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The Case Of The Miraculous Bullet

July 2024
1min read

History is not lacking in tales of virgin birth. Few such stories have had the benefit of professional attestation, however, and a good many have given rise to skeptical jibes, especially among neighbors of the young ladies concerned. During the Civil War a remarkable case was carefully recorded for the annals of medicine by a Union doctor, Captain L. G. Capers. It involved a refined, seventeen-year-old girl who became pregnant by a young soldier whom she had never even met, much less had intimate connections with.

According to Captain Capers’ story, he was acting as a field surgeon during a skirmish near an unnamed Virginia village on May 12, 1863. About a hundred yards from the rear of his regiment was a big house, on the steps of which a matron and her two daughters stood watching, ready to act as nurses if necessary.

Suddenly a young soldier was hit and fell to the ground near Captain Capers; at the same moment the doctor heard a piercing scream from the steps of the house. Capers quickly examined the soldier, and observed that the bullet that struck him had broken his leg and then evidently ricochetted upward, passing through his scrotum. While the Captain was giving first aid, the lady who had been standing on the house steps came running to him in a state of great agitation: one of her daughters, she said, had been hit.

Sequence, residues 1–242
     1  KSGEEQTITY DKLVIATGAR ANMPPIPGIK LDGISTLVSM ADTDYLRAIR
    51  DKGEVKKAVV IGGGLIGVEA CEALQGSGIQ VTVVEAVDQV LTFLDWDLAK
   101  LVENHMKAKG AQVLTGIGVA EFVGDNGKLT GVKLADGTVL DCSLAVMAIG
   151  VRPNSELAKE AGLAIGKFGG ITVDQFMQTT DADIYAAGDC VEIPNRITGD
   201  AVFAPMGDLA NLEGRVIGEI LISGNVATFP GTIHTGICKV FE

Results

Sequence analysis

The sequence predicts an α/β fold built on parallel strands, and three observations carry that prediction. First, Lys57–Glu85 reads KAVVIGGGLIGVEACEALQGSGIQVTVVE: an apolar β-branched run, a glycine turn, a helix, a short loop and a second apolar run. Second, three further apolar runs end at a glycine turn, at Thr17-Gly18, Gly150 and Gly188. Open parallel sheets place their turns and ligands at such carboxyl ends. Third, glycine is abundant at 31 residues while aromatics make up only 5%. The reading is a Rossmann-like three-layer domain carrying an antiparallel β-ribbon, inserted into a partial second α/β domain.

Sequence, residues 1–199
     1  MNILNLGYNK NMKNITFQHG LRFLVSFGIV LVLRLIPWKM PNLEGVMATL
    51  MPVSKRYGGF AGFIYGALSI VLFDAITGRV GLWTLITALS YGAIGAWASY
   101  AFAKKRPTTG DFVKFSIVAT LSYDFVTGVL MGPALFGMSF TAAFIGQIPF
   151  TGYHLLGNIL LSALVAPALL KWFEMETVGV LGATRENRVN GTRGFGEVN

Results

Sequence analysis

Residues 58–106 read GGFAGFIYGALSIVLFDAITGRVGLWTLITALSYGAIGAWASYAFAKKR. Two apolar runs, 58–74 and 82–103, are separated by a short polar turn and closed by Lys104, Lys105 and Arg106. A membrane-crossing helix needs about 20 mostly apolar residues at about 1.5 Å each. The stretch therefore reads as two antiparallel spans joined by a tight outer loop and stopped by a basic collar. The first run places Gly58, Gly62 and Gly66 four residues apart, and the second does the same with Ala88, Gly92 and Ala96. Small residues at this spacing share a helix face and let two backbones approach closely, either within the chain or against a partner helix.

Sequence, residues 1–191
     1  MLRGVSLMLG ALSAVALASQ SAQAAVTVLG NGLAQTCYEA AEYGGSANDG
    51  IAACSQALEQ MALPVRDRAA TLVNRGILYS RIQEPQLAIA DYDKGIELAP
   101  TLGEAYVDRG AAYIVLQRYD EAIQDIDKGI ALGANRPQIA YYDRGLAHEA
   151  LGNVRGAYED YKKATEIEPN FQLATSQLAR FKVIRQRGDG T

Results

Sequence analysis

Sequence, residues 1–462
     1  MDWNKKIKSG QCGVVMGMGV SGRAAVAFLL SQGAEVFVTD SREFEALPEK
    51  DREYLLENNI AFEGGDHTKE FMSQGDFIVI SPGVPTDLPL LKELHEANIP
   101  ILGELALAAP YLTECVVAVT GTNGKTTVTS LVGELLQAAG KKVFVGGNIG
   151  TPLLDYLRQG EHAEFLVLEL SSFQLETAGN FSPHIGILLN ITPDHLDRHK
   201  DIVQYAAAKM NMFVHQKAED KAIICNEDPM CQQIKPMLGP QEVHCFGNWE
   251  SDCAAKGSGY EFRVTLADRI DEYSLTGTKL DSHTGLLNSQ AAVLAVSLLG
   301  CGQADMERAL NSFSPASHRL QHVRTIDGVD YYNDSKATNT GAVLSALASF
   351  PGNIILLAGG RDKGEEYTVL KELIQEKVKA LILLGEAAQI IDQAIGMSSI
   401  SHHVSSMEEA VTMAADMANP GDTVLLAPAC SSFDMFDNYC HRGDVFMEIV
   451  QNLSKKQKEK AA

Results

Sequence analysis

Capers found that the girl had indeed been seriously hurt : the abdominal wall was punctured by a jagged wound. The exact resting place of whatever had hit her was not ascertained; but Captain Capers did what he could for her comfort. The fortunes of war made the adjacent village his regimental headquarters for several weeks, and before he left the area, the Captain had the satisfaction of seeing his patient recover from the peritonitis brought on by the wound.

About eight months after the incident, Captain Capers’ regiment was again in

the vicinity. He was astonished, upon calling at the young lady’s home, to find her in what appeared to be an advanced stage of pregnancy; she was otherwise in excellent health. Four weeks later, with a good deal of embarrassment, the girl gave birth to an eight-pound boy who strongly resembled the soldier wounded nine months earlier. As Captain Capers reconstructed things, a bullet had carried at least one sperm from him directly to the girl’s uterus, impregnating her.

The end of the story is a happy one: the young soldier, having recovered from his own wound, courted the girl and won her heart; they were married and in due time produced two additional children by a more conventional method.

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